Friday, December 29, 2023

The Impossibly Difficult Name that Movie Game

A wintry street in a bygone era. We are fast approaching the end of another year so we thought we would share an easy screenshot for this month's contest..... but for those who haven't seen the film it may pose a little challenging. ;-)

As always, if you are not familiar with the rules of the Impossibly Difficult Name that Movie game or the prize, click here!

GAME OVER. Congratulations to Damsbo for correctly identifying this screenshot from "The Private Life of Sherlock Holmes" (1970). 

Monday, December 25, 2023

The Andy Williams Christmas Special of 1966

Back in 1962, the popular singer Andy Williams, released a special Christmas edition of his usual weekly series The Andy Williams Show. It was an hour-long production filled with wonderful Christmas songs and visits from Bette Davis, the New Christy Minstrels, Debbie Reynolds, and the Osbond brothers. The show was such a hit that many other Andy Williams Christmas Shows were filmed in the coming decade, but I think the 1966 special one stands out as something extra special. 

This one featured Andy singing Christmas tunes that would soon become famous for him: The Most Wonderful Time of the Year and We Need a Little Christmas. It also featured beautiful renditions of The Christmas Song, Love in a Home, and My Favorite Things (performed with his wife Claudine Longet). Andy's parents come to visit, he sings Christmas medleys with his brothers, and lastly the Osbond Brothers so a wonderful Peppermint factory dance routine to Whistle While You Work. Overall, it's just an entertaining way to spend an hour this check it out! The link is down below or you can view it above. 

Merry Christmas, dear readers! 

Tuesday, December 19, 2023

Behind-the-Scenes at Warner Brothers from the 1920s-1940s

We're hosting the 100 Years of Warner Brothers Blogathon this weekend and to celebrate this special occasion we have gathered together some behind-the-scenes photos from Warner Bros. rich history. The studio had great success shortly after it launched in 1923 and really hit its stride in the 1940s. They continued to produce many fine films in the 1950s, 1960s, and 1970s but we are just highlighting some candids from the "golden age" of the studio.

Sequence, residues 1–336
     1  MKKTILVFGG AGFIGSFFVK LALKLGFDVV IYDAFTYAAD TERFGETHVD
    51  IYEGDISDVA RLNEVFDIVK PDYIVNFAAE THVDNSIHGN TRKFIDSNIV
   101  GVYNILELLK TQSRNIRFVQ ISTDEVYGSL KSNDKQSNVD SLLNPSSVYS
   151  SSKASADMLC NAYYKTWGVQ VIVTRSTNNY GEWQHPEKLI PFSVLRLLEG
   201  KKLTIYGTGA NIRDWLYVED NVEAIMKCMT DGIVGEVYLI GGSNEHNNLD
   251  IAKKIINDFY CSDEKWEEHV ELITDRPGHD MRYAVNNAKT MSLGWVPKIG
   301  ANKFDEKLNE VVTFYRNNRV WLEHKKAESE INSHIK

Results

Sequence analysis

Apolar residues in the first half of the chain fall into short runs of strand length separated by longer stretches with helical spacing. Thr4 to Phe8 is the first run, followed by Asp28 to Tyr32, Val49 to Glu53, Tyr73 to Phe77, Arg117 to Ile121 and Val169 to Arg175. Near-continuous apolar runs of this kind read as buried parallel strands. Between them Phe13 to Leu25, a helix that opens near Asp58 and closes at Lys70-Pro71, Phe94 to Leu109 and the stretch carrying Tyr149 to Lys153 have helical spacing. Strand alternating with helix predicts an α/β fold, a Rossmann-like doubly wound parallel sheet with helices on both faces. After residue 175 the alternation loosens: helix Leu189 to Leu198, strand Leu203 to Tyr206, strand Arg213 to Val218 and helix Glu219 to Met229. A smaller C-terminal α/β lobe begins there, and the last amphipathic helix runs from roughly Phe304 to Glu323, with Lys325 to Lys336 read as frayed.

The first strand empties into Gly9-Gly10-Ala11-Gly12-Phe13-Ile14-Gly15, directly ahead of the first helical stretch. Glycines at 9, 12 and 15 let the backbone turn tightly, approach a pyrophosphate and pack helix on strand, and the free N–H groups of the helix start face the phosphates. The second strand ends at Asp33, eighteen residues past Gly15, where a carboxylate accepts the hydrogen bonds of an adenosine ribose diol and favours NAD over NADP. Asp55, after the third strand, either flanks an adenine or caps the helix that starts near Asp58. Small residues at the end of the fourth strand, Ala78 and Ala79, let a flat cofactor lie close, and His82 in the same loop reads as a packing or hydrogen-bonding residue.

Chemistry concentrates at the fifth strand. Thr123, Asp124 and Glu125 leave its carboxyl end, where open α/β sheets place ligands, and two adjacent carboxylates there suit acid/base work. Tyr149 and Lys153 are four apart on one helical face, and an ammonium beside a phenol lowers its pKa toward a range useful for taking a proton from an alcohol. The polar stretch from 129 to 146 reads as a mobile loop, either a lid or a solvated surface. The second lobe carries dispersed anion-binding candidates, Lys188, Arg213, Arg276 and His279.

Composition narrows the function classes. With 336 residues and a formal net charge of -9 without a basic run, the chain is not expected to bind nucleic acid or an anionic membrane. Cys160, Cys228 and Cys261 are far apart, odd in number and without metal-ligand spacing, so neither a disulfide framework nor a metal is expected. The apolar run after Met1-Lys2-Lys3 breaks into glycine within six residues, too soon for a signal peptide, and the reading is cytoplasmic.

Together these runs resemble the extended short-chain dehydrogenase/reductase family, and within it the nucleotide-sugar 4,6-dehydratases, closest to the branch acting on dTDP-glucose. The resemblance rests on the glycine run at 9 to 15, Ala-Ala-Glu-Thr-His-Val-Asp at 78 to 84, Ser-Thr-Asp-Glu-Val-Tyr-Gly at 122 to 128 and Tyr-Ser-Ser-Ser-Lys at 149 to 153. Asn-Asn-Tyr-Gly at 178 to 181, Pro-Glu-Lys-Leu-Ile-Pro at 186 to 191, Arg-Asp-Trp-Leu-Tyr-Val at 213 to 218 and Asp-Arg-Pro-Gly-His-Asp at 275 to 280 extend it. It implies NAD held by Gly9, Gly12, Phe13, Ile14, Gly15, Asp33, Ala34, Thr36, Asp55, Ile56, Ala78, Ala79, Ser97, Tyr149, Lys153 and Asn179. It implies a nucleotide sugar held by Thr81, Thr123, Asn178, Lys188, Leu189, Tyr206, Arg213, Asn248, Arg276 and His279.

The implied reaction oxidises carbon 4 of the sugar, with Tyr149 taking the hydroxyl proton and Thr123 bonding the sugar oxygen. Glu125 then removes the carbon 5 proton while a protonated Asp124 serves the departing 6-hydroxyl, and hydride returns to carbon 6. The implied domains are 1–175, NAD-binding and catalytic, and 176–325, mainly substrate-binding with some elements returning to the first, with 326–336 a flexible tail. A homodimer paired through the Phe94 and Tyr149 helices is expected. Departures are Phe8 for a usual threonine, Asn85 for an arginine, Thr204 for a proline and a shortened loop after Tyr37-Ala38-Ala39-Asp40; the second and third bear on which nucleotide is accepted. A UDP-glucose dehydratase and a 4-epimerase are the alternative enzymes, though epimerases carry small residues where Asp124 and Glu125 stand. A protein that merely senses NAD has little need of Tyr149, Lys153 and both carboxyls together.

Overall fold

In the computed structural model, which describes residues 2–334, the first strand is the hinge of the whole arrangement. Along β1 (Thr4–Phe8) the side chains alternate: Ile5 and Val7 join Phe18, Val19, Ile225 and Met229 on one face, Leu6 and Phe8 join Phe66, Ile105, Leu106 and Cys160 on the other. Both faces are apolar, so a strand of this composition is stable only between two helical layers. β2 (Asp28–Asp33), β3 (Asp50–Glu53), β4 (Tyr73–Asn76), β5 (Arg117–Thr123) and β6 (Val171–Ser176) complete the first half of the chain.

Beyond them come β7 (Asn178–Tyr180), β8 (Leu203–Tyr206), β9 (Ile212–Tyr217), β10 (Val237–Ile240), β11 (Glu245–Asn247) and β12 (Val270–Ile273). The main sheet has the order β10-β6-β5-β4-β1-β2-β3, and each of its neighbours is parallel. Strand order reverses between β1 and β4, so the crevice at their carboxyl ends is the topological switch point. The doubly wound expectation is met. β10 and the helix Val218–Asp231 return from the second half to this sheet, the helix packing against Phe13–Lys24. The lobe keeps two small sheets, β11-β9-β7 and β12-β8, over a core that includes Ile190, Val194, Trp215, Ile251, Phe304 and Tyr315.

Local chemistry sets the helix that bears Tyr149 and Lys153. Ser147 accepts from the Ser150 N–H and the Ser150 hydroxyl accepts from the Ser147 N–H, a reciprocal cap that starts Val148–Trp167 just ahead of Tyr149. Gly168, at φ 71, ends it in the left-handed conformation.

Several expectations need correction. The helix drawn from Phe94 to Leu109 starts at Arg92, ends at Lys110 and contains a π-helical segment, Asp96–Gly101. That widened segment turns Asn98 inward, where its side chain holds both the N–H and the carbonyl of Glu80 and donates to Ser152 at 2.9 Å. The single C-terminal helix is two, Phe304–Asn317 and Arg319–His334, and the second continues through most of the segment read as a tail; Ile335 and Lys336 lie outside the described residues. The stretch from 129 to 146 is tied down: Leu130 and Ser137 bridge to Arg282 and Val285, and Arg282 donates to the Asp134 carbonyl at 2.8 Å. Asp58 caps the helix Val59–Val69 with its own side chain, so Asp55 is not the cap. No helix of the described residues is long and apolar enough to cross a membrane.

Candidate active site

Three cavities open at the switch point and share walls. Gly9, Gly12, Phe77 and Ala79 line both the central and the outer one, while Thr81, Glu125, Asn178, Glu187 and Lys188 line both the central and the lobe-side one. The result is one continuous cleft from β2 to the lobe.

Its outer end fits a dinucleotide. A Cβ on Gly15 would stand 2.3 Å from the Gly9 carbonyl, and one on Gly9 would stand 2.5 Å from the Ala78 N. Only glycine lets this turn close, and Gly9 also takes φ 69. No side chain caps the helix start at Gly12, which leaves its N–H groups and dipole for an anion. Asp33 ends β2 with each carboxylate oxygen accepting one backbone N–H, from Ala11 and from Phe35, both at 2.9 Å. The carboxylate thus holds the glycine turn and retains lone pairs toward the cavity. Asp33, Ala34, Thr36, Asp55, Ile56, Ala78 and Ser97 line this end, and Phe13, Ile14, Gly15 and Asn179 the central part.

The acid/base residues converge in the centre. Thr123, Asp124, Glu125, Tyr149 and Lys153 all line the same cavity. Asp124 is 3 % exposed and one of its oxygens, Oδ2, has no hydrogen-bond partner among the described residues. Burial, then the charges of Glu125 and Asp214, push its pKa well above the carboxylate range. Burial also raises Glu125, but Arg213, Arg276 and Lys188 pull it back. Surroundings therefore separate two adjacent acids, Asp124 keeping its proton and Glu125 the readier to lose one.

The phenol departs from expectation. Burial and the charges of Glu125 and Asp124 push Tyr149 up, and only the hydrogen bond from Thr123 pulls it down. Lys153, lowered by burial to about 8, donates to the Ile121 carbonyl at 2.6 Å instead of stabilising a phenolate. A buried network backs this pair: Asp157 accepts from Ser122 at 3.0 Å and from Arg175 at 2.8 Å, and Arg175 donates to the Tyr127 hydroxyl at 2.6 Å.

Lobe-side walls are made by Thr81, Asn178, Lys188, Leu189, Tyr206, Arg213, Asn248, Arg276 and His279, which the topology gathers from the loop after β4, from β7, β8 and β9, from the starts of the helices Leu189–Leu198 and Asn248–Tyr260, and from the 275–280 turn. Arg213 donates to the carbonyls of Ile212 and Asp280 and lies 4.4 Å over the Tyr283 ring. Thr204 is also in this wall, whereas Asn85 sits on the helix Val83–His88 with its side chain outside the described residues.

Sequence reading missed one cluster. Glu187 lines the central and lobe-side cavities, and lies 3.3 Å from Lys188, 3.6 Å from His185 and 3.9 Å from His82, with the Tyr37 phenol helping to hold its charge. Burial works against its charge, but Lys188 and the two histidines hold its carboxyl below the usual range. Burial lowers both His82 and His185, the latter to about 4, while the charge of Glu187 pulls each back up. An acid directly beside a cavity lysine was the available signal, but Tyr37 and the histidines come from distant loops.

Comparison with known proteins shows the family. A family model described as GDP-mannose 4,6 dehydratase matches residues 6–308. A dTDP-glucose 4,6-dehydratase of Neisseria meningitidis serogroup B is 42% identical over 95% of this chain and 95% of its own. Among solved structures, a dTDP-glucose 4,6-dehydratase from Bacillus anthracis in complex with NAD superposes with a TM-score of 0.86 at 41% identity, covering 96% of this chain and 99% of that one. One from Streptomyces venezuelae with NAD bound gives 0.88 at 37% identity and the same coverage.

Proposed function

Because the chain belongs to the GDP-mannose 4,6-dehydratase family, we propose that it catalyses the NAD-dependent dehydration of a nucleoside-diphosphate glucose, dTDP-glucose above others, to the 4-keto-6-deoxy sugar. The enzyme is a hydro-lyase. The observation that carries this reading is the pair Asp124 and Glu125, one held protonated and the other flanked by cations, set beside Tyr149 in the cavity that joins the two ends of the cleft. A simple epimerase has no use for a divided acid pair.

First off....the brothers who started it all: Albert, Jack, Harry and Sam Warner. 

The brothers Warner, from left to right: Jack, Harry, Sam, and Al posing with Will Hays who is pictured in the center.

The Warner Bros. Sunset Boulevard Studio and offices in Los Angeles, pictured in the mid-1920s.

The Warner Brothers film studio during the silent-film era

Jack Warner (right) and director Harry Beaumont greet John Barrymore as he arrives in Hollywood to film Beau Brummel (1924)

One of Warner Brothers' biggest stars of the 1920s, Rin-Tin-Tin, is seen here getting his much-deserved chow break.

Constructing a studio: In this photo from 1926, work is underway for the new First National Pictures Studio which Warner Brothers purchased two years later.

Harry Warner, Jack Warner, Al Jolson, Darryl F. Zanuck and Al Warner on the Warners lot in 1927.

Jack and Harry Warner flank two of the studio's biggest box-office stars of the era - George O'Brien and Dolores Costello on the set of Noah's Ark (1928).

Warner Brothers' Studio was a pioneer of new technology and in 1927 they were the first studio to release an all-talking "sound" picture - The Jazz Singer - starring Al Jolson. 

Another technological breakthrough came in 1929 with their release of On With the Show, the first all-talking musical in Technicolor (!)

Looney Tunes featuring Bosco premieres its first short in 1930 - "Sinkin' in the Bathtub".

The new Warner Brothers logo of the 1930s which will remain until the 1950s. 

James Cagney with his wife Frances Willard "Billie" Vernon. Cagney just made it to the top with the release of The Public Enemy in 1931. 

Mervyn LeRoy directs Edward G. Robinson and Marian Marsh on the set of Five Star Final (1931)

Bette Davis, the studio's glamorous new star, seen here in 1933. 

Director Busby Berkeley films a sequence from Footlight Parade in this behind-the-scenes photo from 1933. 

Joan Blondell, Warner Brothers' leading lady of comedy and musicals, shown here in 1933 on the set of Footlight Parade

The great WB fire of 1934 which destroyed much of the Los Angeles studio. 

A technician from Bell Laboratories looks at a wax disc, part of a new projection machine that could synchronize sound to moving pictures.